Tuesday, November 27, 2012

St. Paul, MN—The Center for Victims of Torture™ (CVT) today announced it will provide community-based mental health counseling to Eritrean refugee torture and war trauma survivors living in refugees camps near Shire in northern Ethiopia. The project will also build the capacity of local refugee health, mental health and social services providers to better identify and serve torture and war trauma survivors over the long term.

The three refugee camps near Shire— Shimelba, Mai-Aini and Adi Harush—are home to tens of thousands of Eritrean refugees fleeing their home country. The United Nations High Commissioner for Refugees expects that number will increase by the end of 2013.

Many of the refugees are young men fleeing forced conscription into the Eritrean military, imprisonment and detention, persecution, and torture from their own government. As the Eritrean government has now begun to target the families of young men who flee the country to avoid military service, more women and children have also fled Eritrea seeking refuge in northern Ethiopia.

Once Eritrean refugees arrive at the camps, many hope for resettlement to third countries—a prospect that is impossible for most. Given that those refugees who cannot be resettled are also unable to return to their homes in Eritrea, some choose to make the dangerous and illegal journey through Sudan and Egypt in hope of reaching Israel or elsewhere to find work.  Along the way, they face the risk of torture, detention and imprisonment at the hands of security forces and human traffickers. In fact, the plight of Eritrean refugees and others trying to get to Israel was the subject of a recent report on CNN.

“Upwards to a thousand refugees arrive in the camps each month,” said Neal Porter, CVT’s Director of International Services. “The rates of torture, trauma and mental illness among the refugees are very high, yet there are virtually no mental health services available to respond to their need for counseling and psychiatric care. Through direct care and training, our work in Ethiopia will focus on meeting this immense need across all three camps now and will build the capacity of the local population to sustain this important healing work in the future.”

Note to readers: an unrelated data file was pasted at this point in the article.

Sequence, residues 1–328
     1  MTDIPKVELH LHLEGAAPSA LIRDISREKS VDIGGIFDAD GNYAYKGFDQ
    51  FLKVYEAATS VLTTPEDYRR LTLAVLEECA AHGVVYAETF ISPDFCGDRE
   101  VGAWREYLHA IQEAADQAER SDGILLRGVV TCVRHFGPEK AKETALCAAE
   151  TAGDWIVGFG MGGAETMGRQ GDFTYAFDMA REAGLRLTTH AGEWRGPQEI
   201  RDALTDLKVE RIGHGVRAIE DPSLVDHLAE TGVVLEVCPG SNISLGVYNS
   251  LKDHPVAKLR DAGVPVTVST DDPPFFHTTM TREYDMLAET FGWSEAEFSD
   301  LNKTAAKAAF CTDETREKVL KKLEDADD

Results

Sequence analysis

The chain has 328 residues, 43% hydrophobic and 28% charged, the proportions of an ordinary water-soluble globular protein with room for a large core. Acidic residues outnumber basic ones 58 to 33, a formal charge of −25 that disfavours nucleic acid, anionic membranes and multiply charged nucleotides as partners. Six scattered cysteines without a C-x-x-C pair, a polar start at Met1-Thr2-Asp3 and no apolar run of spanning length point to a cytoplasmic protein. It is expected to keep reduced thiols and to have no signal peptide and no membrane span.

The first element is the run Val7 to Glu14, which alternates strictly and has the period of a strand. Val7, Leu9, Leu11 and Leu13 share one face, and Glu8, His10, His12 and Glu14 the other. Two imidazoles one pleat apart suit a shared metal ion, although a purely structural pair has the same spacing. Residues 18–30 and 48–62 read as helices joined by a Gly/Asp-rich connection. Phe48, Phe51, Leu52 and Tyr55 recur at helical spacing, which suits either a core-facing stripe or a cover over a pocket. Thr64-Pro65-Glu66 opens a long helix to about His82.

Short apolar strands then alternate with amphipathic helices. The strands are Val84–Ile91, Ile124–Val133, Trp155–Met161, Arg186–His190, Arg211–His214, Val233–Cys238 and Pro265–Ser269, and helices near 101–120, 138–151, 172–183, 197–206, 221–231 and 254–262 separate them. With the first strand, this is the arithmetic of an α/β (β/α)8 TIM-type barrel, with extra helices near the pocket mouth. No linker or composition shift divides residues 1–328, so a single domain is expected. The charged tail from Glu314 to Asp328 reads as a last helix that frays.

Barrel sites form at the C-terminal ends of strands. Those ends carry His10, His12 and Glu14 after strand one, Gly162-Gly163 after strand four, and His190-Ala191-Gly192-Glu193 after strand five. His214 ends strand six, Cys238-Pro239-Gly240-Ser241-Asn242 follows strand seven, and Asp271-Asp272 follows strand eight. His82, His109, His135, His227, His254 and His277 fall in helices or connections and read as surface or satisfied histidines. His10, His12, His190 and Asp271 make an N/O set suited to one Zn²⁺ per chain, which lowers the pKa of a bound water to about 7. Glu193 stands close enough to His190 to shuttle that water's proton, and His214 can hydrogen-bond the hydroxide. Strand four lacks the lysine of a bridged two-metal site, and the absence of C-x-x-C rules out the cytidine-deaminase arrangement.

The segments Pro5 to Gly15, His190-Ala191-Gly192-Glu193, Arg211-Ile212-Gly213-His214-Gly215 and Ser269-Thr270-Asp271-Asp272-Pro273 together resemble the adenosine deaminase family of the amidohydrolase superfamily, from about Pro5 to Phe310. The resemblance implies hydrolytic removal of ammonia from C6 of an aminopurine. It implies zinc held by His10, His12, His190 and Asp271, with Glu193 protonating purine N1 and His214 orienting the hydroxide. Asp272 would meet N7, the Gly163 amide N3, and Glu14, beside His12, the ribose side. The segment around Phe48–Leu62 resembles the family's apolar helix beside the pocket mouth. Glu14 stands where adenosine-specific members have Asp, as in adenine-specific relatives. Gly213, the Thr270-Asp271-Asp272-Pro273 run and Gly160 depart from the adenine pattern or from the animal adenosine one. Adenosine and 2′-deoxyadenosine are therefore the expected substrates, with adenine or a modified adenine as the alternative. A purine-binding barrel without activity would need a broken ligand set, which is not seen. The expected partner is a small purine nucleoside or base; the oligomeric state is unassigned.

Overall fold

The effects of torture can lead to multiple disabling conditions that interfere with even the most basic functions of daily life.  Symptoms can include chronic pain in the muscles and joints, headaches, incessant nightmares and other sleep disorders, stomach pain and nausea, severe depression and anxiety, guilt, self-hatred, the inability to concentrate, thoughts of suicide and posttraumatic stress disorder.  Torture and war trauma survivors can become immobilized by their feelings and symptoms, unable to function within their communities or contribute to their family’s well-being.

To address the overwhelming mental health challenges, CVT will:

  • Provide in-depth mental health counseling services in the first year of operation to 600 Eritrean refugees living in the camps who are severely traumatized as a result of torture or war trauma, including survivors of gender-based violence living in the Mai-Aini and Adi Harush camps;
  • Hire, train and supervise refugees from Mai-Aini and Adi Harush to work as  psychosocial  counselors  and Ethiopian psychologists to work as clinical supervisors;
  • Train local psychiatric professionals and mental health counselors on providing appropriate and effective psychiatric care to refugees in all three camps;
  • Engage and train staff at other agencies and organizations on mental health, mental health services and the effects of torture and war trauma on individuals, families and communities.

CVT is currently in the process of hiring staff and finalizing plans for its clinical space in the refugee camps.

Funding for CVT’s work with Eritrean refugees in Ethiopia is from the U.S. State Department’s Bureau of Population, Refugees, and Migration.


CVT is a nonprofit based in Minnesota with an office in Washington D.C. and projects in Africa and the Middle East. Visit


Brad Robideau
brobideau [at]


Media Contact

Jenni Bowring-McDonough
Media Relations Manager
+1 612-436-4886 (office) or +1 651-226-3858 (mobile)
Journalists:  If you’d like to receive CVT press releases, please email your request to Jenni Bowring-McDonough at jbowring [at]




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